Hello - I am a new convert to the Church (baptized Catholic, raised Baptist, most recently Lutheran) and as one might suspect, one of the doctrinal issues I’m wrestling with (actually, it may be the only one, praise God!) is the notion of losing one’s salvation. I have for some time believed that it was only logical that one could willingly discard one’s faith by purposely turning from God. However, I’ve been trying to understand the specifics of the doctrine that we can lose our salvation through sin, and then need to regain it through confession, penance and the Eucharist.
Karl Keating’s apologetics have helped me immensely in my conversion. But I’ve found a seeming contradiction in What Catholics Really Believe. This illustrates perfectly the troubles I’m having with this doctrine.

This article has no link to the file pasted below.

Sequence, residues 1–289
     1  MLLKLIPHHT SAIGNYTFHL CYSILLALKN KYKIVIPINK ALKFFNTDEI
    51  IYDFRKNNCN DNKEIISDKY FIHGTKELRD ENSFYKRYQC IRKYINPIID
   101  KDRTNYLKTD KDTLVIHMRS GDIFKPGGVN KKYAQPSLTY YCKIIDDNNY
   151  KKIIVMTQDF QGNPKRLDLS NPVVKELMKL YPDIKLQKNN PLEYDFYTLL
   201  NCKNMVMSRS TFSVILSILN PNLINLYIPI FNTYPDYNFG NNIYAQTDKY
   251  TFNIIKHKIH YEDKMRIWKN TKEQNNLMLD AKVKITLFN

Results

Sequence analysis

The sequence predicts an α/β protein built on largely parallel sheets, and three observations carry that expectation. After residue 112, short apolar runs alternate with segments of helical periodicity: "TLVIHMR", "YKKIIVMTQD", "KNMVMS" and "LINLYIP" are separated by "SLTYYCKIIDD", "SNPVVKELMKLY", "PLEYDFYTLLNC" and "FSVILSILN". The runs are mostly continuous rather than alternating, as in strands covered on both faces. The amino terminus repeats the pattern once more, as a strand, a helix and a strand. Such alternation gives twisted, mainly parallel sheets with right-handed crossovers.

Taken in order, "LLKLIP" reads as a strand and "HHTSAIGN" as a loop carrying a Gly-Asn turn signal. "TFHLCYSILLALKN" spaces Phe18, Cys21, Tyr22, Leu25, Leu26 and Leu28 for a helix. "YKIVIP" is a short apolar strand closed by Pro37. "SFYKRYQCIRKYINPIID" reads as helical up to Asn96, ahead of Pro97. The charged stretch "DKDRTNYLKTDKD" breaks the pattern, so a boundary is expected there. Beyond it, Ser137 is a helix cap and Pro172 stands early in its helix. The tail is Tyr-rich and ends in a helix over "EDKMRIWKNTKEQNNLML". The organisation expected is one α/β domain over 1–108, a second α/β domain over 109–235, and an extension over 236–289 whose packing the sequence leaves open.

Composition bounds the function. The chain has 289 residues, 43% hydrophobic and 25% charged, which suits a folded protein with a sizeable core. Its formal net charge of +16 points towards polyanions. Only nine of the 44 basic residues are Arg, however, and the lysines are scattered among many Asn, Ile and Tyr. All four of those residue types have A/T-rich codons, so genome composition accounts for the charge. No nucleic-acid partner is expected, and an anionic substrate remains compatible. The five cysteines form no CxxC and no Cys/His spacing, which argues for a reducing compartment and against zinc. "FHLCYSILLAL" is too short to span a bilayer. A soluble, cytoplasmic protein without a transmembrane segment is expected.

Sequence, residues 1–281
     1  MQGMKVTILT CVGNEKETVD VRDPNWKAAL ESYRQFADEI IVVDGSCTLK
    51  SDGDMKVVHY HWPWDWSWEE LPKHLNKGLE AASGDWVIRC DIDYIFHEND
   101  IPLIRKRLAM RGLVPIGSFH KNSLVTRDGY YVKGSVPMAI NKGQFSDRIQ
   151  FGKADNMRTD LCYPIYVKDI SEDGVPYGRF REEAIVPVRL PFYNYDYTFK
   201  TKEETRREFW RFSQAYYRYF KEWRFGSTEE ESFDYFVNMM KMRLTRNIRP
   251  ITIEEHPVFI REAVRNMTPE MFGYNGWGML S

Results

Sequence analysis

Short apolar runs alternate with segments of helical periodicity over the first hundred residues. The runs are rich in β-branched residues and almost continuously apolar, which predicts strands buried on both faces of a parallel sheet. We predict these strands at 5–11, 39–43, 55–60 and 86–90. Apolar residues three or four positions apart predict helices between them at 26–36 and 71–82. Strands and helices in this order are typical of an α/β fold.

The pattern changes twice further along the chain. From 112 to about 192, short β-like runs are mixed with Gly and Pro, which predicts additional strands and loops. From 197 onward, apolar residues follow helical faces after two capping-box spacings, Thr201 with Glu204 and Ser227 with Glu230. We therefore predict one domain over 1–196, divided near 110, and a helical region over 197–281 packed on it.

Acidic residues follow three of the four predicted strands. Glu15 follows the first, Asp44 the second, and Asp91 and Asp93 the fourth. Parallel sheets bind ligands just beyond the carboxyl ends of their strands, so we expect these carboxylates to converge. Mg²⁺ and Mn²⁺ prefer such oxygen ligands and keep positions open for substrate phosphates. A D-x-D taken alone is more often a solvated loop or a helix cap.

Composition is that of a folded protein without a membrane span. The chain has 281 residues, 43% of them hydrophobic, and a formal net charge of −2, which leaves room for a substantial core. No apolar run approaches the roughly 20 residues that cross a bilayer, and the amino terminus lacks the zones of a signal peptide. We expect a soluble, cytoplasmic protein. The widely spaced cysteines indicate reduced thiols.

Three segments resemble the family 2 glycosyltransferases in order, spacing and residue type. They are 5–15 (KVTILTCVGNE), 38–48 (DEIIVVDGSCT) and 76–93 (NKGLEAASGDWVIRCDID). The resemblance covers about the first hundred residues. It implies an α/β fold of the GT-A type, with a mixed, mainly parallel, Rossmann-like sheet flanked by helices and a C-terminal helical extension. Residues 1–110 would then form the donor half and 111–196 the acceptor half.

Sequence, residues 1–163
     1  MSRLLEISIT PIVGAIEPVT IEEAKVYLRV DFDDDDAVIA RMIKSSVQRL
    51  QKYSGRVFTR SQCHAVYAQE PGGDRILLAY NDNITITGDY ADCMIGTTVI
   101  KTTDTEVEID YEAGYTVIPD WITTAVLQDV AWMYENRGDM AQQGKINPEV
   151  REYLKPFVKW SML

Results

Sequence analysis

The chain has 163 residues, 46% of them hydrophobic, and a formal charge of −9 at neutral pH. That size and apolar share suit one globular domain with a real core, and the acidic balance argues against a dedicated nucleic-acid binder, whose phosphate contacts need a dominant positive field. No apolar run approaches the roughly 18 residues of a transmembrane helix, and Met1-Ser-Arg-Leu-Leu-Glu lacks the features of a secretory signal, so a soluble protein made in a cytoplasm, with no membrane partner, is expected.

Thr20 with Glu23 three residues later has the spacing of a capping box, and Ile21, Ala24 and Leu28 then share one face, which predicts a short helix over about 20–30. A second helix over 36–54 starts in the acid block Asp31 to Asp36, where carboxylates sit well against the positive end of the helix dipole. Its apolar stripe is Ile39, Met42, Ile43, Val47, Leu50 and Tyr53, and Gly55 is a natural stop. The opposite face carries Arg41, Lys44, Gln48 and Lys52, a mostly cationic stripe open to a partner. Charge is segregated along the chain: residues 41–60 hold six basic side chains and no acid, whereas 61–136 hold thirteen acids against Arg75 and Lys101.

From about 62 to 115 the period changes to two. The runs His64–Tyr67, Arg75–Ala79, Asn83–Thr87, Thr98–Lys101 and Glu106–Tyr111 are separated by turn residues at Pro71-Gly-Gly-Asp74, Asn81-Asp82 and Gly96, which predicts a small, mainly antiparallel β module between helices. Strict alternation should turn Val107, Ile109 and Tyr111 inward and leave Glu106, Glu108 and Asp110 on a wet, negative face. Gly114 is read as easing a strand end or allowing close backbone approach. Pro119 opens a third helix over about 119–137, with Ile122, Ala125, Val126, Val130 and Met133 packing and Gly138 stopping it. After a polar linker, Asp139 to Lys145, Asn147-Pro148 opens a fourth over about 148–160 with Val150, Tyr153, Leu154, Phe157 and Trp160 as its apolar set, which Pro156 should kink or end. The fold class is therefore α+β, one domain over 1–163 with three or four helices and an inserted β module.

It may very well be that I am misreading the section in question. On page 103 (Ignatius Press edition), topic 37 (Reason plays no role in our salvation. We just have to believe.) Keating is explaining actual grace and sanctifying grace. About sanctifying grace he says:
*Sanctifying grace, which elevates the soul so it is capable of living in heaven, is a permanent quality by which we share the divine life (Jn 14:6, 15:5), become partakers in the divine nature (2 Pt 1:4), receive adoption as the children of God (Rom 8:15, Gal 4:5, Eph 1:5, 1 Jn 1:3, 1 Pt 1:23), and are made temples of the Holy Spirit (Rom 5:1, 8:11). We lose sanctifying grace through mortal sin, regain it through confession, and increase it through other sacraments, particularly the Eucharist. *
I’ve bolded the problematic phrases. First he says sanctifying grace is permanent, then in the next sentence he says that we lose it through mortal sin. Can someone explain this apparent contradiction to me? If we are saved through grace, and that grace is permanent, how can we lose it through sinning?
Thanks and God bless,